- The Pharmaceutical Research and Manufacturers of America (PhRMA) is preparing to spend hundreds of millions of dollars on an ad campaign in response to recent criticisms from politicians
- This action comes after much critique of the pharmaceutical industry from both Democrats and Republicans, including concerns over high-cost specialty drugs, outrage over the price hikes implemented by former CEO of Turing Pharmaceuticals, Martin Shkreli, and anger over some pharmaceutical companies’ attempts to evade US taxes by coupling with companies overseas
- In addition to PhRMA’s typical defense of the costs of drugs – the price of research and development – the campaign will take a positive spin and highlight the life-saving capabilities of drugs
- PhRMA is expanding its membership to include Teva, Alexion Pharmaceuticals, and Jazz Pharmaceuticals, and is looking to add Gilead and Genetech to its ranks. It is raising dues on all members which will significantly increase the lobbying group’s financial resources
- PhRMA is hoping to facilitate a larger discussion around health care costs, but some policymakers, including Chris Jennings of the Clinton campaign, are skeptical and maintain concerns that PhRMA’s additional financial resources will simply make it more powerful
Kaiser Health News: Medicare’s Readmission Penalties Hit New High
- Records released on Tuesday show that Medicare will withhold over half a billion dollars in payments over the next year through the Hospital Readmissions Reduction Program (HRRP)
- This is the highest total ever since the federal government began placing readmission penalties on hospitals in October 2012
- Though the number of hospitals being penalized this year (2,597) is similar to the number of hospitals penalized last year, penalties have increased per hospital by a fifth on average
- Medicare has stated that penalties have increased to $528 million (approximately $108 million more than last year) due to changes in how readmissions are measured
- For the first time this year, coronary artery bypass graft (CABG) surgery was included in the conditions examined for readmission rates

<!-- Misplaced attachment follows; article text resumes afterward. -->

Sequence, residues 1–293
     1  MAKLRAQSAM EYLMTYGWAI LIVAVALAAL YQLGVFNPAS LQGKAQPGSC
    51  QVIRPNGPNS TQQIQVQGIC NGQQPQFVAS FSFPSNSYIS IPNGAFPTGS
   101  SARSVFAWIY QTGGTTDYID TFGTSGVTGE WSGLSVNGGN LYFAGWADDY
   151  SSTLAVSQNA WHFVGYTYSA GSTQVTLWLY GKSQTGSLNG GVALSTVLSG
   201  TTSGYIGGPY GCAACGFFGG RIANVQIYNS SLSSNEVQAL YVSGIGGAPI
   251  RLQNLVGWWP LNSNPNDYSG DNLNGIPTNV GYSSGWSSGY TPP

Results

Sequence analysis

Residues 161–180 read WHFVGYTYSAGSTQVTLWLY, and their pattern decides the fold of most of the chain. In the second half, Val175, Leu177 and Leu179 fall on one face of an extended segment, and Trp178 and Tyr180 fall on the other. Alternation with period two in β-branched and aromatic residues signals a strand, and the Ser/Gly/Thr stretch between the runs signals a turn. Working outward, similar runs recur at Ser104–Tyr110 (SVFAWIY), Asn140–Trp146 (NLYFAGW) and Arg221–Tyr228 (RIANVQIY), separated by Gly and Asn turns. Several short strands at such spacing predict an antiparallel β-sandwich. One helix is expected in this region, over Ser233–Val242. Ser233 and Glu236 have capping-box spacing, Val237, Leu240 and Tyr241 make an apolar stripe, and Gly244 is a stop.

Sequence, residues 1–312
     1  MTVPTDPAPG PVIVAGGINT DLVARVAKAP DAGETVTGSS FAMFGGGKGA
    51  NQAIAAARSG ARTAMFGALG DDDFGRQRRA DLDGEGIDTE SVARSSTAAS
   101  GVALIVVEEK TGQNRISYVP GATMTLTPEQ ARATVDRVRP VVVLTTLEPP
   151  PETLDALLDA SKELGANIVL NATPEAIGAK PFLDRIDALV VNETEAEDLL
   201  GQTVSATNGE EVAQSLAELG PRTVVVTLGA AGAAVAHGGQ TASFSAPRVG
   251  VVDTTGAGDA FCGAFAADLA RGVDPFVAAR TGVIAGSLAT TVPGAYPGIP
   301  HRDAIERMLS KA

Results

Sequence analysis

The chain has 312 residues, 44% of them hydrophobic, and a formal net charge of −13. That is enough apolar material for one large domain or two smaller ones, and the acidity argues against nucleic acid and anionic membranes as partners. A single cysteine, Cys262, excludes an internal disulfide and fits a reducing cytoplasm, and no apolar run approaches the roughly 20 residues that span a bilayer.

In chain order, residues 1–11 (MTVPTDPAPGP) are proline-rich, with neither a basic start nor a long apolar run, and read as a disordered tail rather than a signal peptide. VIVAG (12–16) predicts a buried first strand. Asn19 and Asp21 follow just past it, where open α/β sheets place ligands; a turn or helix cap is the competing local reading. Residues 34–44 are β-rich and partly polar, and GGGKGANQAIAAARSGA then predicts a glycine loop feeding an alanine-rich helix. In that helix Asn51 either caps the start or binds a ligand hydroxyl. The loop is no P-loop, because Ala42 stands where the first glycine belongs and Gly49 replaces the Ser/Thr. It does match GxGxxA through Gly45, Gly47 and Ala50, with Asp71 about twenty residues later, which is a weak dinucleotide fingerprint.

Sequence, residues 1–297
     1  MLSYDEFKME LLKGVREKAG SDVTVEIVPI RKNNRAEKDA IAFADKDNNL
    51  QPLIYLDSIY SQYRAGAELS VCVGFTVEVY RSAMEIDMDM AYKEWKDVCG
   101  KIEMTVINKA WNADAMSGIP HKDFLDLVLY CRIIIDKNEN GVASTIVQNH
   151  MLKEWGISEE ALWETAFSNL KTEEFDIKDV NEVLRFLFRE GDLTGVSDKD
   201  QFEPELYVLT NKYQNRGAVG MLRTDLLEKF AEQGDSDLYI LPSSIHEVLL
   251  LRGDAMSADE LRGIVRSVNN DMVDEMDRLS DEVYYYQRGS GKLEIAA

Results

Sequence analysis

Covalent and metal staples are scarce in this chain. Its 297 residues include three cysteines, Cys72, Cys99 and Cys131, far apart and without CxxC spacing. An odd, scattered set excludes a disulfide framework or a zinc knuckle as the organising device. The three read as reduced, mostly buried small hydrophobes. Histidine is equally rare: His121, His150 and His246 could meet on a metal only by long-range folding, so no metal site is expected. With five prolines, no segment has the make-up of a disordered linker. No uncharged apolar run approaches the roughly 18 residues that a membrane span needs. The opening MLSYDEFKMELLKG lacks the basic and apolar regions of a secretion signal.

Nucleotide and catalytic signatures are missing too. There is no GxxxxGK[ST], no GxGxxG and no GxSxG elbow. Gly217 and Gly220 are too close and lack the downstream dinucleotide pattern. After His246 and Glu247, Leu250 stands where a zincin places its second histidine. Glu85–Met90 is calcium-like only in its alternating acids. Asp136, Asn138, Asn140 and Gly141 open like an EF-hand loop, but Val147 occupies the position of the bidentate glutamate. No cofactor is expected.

- Though national readmission rates have declined since the creation of HRRP under the Affordable Care Act, the program has been criticized for unfairly penalizing hospitals that treat large numbers of low-income people
- Penalized hospitals will receive a reduction in each Medicare case reimbursement from October 2016 through September 2017
Centers for Medicare & Medicaid Services: CMS announces next phase in largest-ever initiative to improve primary care in America
- On Monday, the Centers for Medicare and Medicaid Services (CMS) announced the opening of applications for Comprehensive Primary Care Plus (CPC+), a five-year primary care medical home model that attempts to improve primary care in America
- CPC+ is a public-private partnership and multi-payer model that aligns Medicare, Medicaid, and private insurance, thereby departing from an overarching fee-for-service model towards one that supports patient-centered quality care
- CMS estimates that nearly 5,000 primary care practices serving 3.5 million beneficiaries could participate in CPC+ when it launches in January 2017
- CPC+ builds upon the Comprehensive Primary Care initiative (2012), and assists primary care practices by delivering preventive care, giving patients 24-hour access to care and health information, engaging patients and families for personalized care, and more
- This announcement comes as part of a broader strategy to improve America’s health care system through quality improvement approaches, targeting the goal of having 50% of traditional Medicare payments transformed to alternative payment models by 2018